Youth unemployment data: average of the euro area is 22.3%, and the 28 countries of the European Union, 20.7%, ranging from 7.2% in Germany, and 10.1 % and Austria and Denmark, 50.1% in Greece, 49.6% in Spain, and 40.9% in Italy.
Academic failure data: 12% of Community average, ranging from 23% in Spain, 13% in France, 5.7% in Sweden
Therefore there are several situations to consider: firstly, despite having many youngsters that have training, they have great difficulty in accessing the labour market, and moreover, there is a significant group of young people who are “expelled from educational system” with low qualifications, and that happen to be “at the end of the queue to access the labour market”.
There is a clear relationship between educational systems (how we train and prepare young people), and the labour market (how they have access to employment and companies seeking), and the dysfunctions between both are the ones that generate this situation:
- We train young people regardless of labour market needs, not only in terms of knowledge but also skills and abilities (the problem may become structural, as many of these skills should be acquired in childhood: capacity to communicate, analyze problems, engage, empathize, social skills, and others).
- When educational systems do not seek to develop the capabilities that we have and each one aspires to fulfil programs regardless individuality, many children and young people get “excluded” from the system
The societies with the most standardized educational systems are less dynamic, generated less employment, and more social exclusion.
Finland is a study model and has a high success rate. Some of the keys to its success are:
- The high academic qualifications of teachers, and the unusual fact that the best teachers are placed in the first years of teaching in primary To be a teacher you need to have a very highly rated evaluation, this system works also in high school and college. Education is a profession with prestige and teachers have great authority in school and in society. The equivalent of Teaching in Finland is a difficult, demanding and long qualification, which also includes personal interviews, so that teachers are well prepared professional and vocational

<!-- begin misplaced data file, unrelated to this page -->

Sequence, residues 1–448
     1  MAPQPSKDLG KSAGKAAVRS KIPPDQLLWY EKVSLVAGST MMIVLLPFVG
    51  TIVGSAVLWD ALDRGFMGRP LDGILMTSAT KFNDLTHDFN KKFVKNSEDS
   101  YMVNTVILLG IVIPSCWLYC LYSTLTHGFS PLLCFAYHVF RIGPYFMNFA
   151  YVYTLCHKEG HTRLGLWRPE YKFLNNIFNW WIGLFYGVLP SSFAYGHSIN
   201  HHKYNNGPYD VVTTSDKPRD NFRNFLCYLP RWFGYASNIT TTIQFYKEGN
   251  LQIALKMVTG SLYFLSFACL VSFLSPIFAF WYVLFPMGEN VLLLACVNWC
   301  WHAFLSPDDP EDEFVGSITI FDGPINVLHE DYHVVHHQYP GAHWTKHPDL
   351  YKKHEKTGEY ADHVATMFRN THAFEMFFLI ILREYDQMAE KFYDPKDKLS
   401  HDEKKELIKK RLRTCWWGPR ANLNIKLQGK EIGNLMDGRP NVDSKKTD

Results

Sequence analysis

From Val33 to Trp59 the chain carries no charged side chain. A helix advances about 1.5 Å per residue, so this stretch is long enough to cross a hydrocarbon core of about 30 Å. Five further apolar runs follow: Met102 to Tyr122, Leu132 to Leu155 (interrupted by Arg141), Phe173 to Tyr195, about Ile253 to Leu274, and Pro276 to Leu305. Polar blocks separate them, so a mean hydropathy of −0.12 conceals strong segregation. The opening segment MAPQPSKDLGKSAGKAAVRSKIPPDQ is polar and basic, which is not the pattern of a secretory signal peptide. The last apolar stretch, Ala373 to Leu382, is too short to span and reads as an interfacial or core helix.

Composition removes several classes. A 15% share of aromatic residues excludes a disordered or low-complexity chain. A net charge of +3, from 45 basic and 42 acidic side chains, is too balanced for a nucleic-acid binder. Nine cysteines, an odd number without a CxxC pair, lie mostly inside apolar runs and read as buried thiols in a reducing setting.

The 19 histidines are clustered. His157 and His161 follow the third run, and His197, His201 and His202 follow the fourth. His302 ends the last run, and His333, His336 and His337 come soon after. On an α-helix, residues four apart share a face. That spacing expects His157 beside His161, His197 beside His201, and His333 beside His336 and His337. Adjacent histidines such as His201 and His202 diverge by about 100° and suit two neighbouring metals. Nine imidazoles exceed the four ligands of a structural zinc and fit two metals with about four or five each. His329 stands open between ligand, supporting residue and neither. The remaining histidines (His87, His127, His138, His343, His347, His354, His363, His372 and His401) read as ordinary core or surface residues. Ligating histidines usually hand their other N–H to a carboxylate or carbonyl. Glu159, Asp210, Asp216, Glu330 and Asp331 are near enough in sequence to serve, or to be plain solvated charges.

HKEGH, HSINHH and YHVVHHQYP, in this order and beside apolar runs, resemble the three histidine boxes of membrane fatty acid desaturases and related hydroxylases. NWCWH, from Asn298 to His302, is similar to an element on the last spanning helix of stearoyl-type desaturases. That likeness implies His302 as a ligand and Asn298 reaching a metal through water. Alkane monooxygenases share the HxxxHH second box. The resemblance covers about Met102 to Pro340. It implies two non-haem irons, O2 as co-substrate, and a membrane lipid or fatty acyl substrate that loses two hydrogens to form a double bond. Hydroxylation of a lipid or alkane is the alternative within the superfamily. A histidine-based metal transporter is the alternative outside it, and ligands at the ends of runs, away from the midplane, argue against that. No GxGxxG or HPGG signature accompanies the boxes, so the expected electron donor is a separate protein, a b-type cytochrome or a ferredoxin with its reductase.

- Education is customized: Since the first courses we intervene to support students with special needs, so as to prevent their difficulties increase with age and the percentage of school failure are The pace of learning of each child is respected and flees tests and activities
- Curiosity and participation is rewarded: The imagination and entrepreneurial capacity are prized in Finnish society, there are many artistic and creative professionals and also in the fields of technology and engineering. This is also encouraged in education, where creativity is valued, experimentation and collaboration over memorization and lectures
- They have a very comprehensive strategy in education, including equal importance for humanities, reading, physical education, arts, and mathematics, “that each develops their potential in what they are best” and also the standardized tests are of little
Skills most valued by the market
While education systems prioritise the “tight knowledge” of some materials, the market demands other skills and competencies. This situation is exacerbated in the case of young people at risk of exclusion or belonging to disadvantaged groups, where the system does not give them basic training or skills that the market demands. Among them we can mention: Languages, computers, teamwork, flexibility and adaptation, creativity, public speaking, managing relationships, be an entrepreneur, among others, causing an even greater gap for these young people, the educational system does not work these skills with them, neither their families.
There is a clear disconnect between skills demanded and the skills acquired by the youngsters, both in their official training route, as when in a situation of unemployment and continue to form unrealistic demands of the market.